The perfection of castings depends much on the skill of the pattern-maker, who should thoroughly understand the practice of the moulder, or he is liable to make the patterns in such a manner that they cannot be used, or at any rate be well used.

Straight-grained deal, pine, and mahogany, are the best woods for making patterns, as they stand the best; screws should be used in preference to nails, as alterations are then more easily made in the models, and glue joints, such as dovetails, tenons, and dowels, are also good as regards the after use of the saw and plane for corrections and alterations.

Foundry patterns should be always made a little taper in the parts which enter most deeply into the sand, in order to assist their removal from the same, when their purposes will not be materially interfered with by such tapering. The pattern -maker, therefore, works most of the thicknesses, and the sides or edges, both internal and external, a little out of parallel or square, perhaps as much as about one-sixteenth to one-eighth of an inch in the foot, sometimes much more.

When foundry patterns are exactly parallel, the friction of the sand against their sides is so great when they penetrate deeply, that it requires considerable force to extract them; and which violence tears down the sand, unless the patterns are much knocked about in the mould, to enlarge the space around them. This rough usage frequently injures the patterns, and causes the castings to become irregularly larger than intended, and also defective in point of shape, from the mischief sustained by the moulds; all which evils are much lessened when the patterns are made consistently taper and very smooth.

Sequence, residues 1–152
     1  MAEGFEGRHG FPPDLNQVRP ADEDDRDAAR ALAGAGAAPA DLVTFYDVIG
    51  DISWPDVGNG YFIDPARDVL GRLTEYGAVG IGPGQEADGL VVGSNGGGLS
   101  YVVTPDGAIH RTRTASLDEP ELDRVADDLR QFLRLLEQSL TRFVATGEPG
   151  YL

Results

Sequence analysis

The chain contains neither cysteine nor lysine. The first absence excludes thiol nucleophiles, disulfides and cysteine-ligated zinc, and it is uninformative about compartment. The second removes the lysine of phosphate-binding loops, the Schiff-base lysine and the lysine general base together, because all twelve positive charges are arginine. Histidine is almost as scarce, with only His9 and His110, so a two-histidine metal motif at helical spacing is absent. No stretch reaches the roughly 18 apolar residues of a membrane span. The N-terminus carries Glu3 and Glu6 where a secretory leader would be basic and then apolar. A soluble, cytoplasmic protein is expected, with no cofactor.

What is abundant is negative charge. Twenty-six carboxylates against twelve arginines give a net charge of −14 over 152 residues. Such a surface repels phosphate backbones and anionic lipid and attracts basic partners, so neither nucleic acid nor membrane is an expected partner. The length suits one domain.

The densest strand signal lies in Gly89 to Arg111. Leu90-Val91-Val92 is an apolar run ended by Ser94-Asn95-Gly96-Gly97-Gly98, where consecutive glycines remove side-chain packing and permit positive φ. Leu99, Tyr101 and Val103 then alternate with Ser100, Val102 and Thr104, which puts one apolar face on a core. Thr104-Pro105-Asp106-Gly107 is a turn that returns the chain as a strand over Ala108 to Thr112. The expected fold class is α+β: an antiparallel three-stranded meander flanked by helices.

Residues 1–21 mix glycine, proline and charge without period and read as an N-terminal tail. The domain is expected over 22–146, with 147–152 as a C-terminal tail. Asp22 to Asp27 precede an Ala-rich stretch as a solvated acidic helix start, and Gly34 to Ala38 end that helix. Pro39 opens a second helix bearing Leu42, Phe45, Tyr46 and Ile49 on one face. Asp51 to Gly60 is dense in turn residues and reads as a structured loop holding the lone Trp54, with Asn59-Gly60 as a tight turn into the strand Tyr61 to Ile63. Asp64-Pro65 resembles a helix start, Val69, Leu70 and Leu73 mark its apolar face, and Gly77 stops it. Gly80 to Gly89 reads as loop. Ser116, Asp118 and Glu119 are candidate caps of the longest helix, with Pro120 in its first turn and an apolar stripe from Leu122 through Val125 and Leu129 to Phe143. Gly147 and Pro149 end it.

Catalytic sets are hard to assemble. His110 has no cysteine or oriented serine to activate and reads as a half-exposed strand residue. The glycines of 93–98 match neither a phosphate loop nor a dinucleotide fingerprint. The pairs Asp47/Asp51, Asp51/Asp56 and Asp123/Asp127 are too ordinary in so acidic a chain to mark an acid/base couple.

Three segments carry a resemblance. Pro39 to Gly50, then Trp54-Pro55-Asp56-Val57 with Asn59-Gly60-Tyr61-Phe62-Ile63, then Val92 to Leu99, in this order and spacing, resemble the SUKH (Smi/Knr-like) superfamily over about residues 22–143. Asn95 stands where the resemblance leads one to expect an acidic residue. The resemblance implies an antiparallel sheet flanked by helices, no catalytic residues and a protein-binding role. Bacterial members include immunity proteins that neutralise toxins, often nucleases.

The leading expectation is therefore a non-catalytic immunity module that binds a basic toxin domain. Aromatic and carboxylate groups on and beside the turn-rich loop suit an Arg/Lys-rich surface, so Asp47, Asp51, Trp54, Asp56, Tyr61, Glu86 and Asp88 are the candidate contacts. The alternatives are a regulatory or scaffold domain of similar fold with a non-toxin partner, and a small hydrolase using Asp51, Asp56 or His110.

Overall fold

It must be distinctly and constantly borne in mind, that although patterns require all the methods, care, and skill, of good joinery or cabinet-making, they must not, like such works, be made quite square and parallel, for the reasons stated. Sharp, internal angles should in general be also avoided, as they leave a sharp edge or arris in the sand, which is liable to be broken down in the removal of the pattern; or to be washed down on the entry of the metal into the mould. Either the angle of the model should be filled with wood, wax or putty, or the sharp edges of the sand should be chamfered off with the knife or trowel. Sharp internal angles are very injudicious in respect also to the strength of castings, as they seem to denote where they will be likely to break; and more resemble carpentry than good metallic construction.

Before the patterns reach the founder's hands, all the glue that may have been used in their construction should be carefully scraped off, or it will adhere to and pull down the sand. The best way is to paint or varnish wooden patterns, so as to prevent them from absorbing moisture, as they will then hang to the sand much less, and will retain their forms much better. Whether painted or not, they deliver more freely from the mould when they are well brushed with black lead, like a stove.